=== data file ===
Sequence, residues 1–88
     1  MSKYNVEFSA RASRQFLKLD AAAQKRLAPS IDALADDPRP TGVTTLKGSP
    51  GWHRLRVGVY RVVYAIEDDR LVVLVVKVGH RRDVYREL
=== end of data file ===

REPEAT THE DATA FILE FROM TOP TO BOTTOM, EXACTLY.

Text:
Sequence, residues 1–88
     1  MSKYNVEFSA RASRQFLKLD AAAQKRLAPS IDALADDPRP TGVTTLKGSP
    51  GWHRLRVGVY RVVYAIEDDR LVVLVVKVGH RRDVYREL